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Renal 8.04

prostate and bladder

Function of pontine micturition centre Recieves afferents from bladder stretch receptors and sends efferents to detrusor motor nucleus to initiate micturition reflex; It also recieves inputs from cortex and co-ordinates micturition
Bladder afferents PNS: desire to void and pain and temp SNS: sensation of fullness and pain and temp
Bladder efferents PNS (S2-4): detrusor motor nucleus SNS (T10-L2): bladder neck (alpha 1); detrusor relaxation (beta 3)
control of smooth mm sphincter (bladder neck/internal sphincter) alpha 1 (T10-L2)
control of striated mm sphincter somatic (S2-4)
Sacral centre of micturition consists of? Detrusor Motor Nucleus (PNS S2-4 involuntary) Pudendal Nucleus (Somatic S2-4 voluntary)
Pontine micturition centre responsible for? Co-ordinated micturition
Sacral centre (detrusor MN) responsible for? Co-ordinated bladder contraction
Sacral centre (pudendal nucleus) responsible for? Control of ext urethral sphincter
Storage symptoms? Frequency Urgency Urge incontinence Nocturia Dysuria
Voiding symptoms? Hesitancy Intermittemcy Slow flow Terminal dribbling Incomplete emptying
Does detrusor overactivity give you motor urgency or sensory urgency Motor (painless) as opposed to sensory which is painful (inflammatory or infectious)
2 types of detrusor overactivity Non-neurogenic (idiopathic) common Neurogenic (dementia; stroke; SCI etc)
Name 2 anticholinergics used to treat detrusor overactivity Oxybutynin Solifenacin (uroselective antimuscarinic) - less S/E's
2 types of female stress incontinence Urethral mobility (type 2) - high leak pressures Intrinsic sphincter deficiency (type 3) - low leak pressures
3 types of neuropathic bladder lesions Suprapontine Infrapontine (suprasacral) Infrasacral
Suprapontine lesion results in? detrusor hyperreflexia normal voiding normal sensation
Suprasacral (infrapontine) lesion results in detrusor hyperreflexia DSD (detrusor and sphincter dyssynergia) Loss of sensation
Infrasacral lesion results in? acontractile detrusor isolated sphincter obstruction +/- loss of rhabdosphincter loss of sensation
Zone of prostate most affected by cancer zone 1 - peripheral zone
Zone of prostae most affected by BPH zone 3 - middle zone
Testosterone is coverted to dihydrotestosterone DHT by? 5-α-reductase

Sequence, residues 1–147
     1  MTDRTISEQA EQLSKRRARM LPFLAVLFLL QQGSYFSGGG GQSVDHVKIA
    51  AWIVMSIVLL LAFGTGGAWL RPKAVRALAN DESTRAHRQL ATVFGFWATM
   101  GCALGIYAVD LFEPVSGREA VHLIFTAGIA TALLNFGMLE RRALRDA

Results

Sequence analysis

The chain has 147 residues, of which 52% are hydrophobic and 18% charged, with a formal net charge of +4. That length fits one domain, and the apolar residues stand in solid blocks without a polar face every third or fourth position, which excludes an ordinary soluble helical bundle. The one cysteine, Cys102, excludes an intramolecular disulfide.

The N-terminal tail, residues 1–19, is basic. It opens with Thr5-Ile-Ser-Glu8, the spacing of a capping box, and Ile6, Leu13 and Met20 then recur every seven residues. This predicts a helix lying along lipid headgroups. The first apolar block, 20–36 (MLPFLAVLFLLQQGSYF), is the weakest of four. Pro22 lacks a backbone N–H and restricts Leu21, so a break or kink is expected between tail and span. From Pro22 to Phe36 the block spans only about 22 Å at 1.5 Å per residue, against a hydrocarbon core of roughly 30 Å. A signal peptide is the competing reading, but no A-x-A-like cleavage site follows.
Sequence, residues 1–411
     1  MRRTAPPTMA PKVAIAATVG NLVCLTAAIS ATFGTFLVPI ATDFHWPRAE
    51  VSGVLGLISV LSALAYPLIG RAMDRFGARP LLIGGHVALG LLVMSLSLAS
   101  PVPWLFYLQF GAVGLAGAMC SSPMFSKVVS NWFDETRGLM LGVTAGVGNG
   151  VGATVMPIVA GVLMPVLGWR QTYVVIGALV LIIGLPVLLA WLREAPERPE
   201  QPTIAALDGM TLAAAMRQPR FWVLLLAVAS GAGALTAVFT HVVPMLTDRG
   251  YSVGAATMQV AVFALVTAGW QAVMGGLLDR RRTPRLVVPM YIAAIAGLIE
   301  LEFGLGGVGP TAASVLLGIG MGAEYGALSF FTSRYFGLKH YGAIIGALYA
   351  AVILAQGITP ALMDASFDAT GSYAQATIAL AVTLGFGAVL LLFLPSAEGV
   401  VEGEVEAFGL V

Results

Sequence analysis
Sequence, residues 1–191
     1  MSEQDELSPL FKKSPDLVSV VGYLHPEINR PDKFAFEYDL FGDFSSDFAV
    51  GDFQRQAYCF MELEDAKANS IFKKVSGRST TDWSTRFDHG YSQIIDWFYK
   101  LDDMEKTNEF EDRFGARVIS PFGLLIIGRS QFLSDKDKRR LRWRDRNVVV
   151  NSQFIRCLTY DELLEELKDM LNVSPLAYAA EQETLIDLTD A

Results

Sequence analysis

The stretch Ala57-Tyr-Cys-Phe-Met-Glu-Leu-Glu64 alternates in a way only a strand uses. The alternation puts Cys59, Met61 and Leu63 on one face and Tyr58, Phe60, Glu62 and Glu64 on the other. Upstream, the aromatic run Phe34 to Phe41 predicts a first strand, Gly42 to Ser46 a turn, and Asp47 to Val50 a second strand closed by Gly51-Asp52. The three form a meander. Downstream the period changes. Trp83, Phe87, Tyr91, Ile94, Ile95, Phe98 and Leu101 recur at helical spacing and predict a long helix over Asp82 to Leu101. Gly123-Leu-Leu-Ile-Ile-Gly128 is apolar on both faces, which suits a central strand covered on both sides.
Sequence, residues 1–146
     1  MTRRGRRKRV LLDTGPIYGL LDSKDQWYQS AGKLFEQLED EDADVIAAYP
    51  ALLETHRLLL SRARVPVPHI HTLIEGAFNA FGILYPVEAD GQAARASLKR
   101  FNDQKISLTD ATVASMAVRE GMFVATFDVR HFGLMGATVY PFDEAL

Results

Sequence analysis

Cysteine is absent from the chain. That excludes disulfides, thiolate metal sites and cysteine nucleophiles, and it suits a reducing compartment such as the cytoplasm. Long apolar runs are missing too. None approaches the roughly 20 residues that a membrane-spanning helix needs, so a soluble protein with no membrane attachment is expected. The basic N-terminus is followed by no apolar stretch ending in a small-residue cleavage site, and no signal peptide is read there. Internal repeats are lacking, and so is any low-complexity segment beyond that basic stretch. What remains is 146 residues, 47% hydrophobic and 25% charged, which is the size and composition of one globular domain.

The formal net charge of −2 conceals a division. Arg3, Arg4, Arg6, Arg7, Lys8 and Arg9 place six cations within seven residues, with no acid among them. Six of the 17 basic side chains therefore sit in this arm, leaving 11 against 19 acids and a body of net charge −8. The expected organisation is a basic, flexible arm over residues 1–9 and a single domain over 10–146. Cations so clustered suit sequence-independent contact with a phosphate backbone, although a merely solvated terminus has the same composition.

prevelance of BPH 14% (40-50 yo) 43% (>60 yo) Note: microscopically, changes start at 35 and 50% prevelance at age 60 (100% at age 80) but macroscopically 8% by 45 yo and 53% by 85 yo
Mechanism of action of Finasteride Inhibits conversion of testosterone into 5-alpha-dihydrotestosterone, a potent androgen (by inhibiting 5-alpha-reductase)
Treatment options for BPH Watchful waiting Drug therapy Minimally invasive therapies Cavitating technologies
Drug therapy for BPH Alpha blockers: Prazosin; terazosin; tamsulosin 5-alpha-reductase inhibitors: Finasteride (shrinks prostate by 20% and halves PSA levels)
Arterial supply of penis? External iliac branches to internal pudendal artery and has deep artery and dorsal artery on each side
Venous drainage of penis? mostly drained by deep dorsal vein (passes inferior to pubic symphysis); also is a superficail dorsal vein: note these are midline (arteries have one on each side)
Where do veins of penis drain to? prostatic venous plexus
Relaxation of smooth muscle of corpora results in? Erection
Contraction of corporal smooth muscle results in? Detumescence
Nerve supply of penis PNS S2-4: relaxation of corporal smooth mm SNS T10-12:contraction of corporal smooth mm Somatic pudendal: sensory (dorsal nerve of penis) & motor (ischocavernosus and bulbocavernosus mm's)
Neurotransmitters that cause erection and detumescence Erection: NO Detumescence: NA and endothelin
Mechanism of action of Sidenafil Inhibits the action of phosphodiesterase 5 (PDE 5) ie increases cGMP ie potentiates the effect of NO
Risk factors for ED CV disease; DM; smoking; HT; poor general health; psychological and psychiatric disturbance
Classification of erectile dysfunction Vasculogenic: failure to fill or store Neurogenic: failure to initiate Endocrine: low testosterone; DM; prolactin excess Drugs: BBlocker; antidepressants etc
Prevelance of prostate cancer relative to other cancers 3rd behind breast Ca and melanoma
False causes of increased PSA Infection Ejaculation Trauma
Staging of prostate Ca T 1-4 (T3 is extracapsular) N1 (regional nodes involved) M1a-c (distal nodes; bone mets etc)
prevelance of microhaematuria 0.2-16% (higher in smokers) 5-20% will have significant disease
common causes of haematuria IgA nephropathy; thin BM disease; trauma; UTI; calculi; neoplasia; BPH; urethral conditions
Top 3 causes of glomerular haematuria IgA nephropathy 30% Mesangioproliferative GN 14% Focal segmental GN 13%
Stones that show up on CT but not on x-ray? Uric acid
Most common type of bladder cancer TCC: Transitional cell carcinomas
Prevelance of urolithiasis incidence: 0.2% (US) prevelance: 7% males; 3% females (women have higher levels of urinary citrate)
Recurrance rate of stones 10% at 1 year 35% at 5 yeaers 50% at 10 years
Most common types of stones? Calcium oxalate (60-70%) calcium phosphate (10-20%) mixed of above 2 (15-30%) struvate (6-20%) uric acid (5-15%)
Genetics of stones? Idopathic hypercalcuria AD trait Cystinuria AR chrom 2 RTA is also associated with stones Note: 25% of people with stones have a family hx of stones
Environmental factors causing stones? High protein/salt diet High purine diets Vit B6 deficiency (increased oxalate) dehydration Calium supplements and drugs increasing Ca
Created by: medcard



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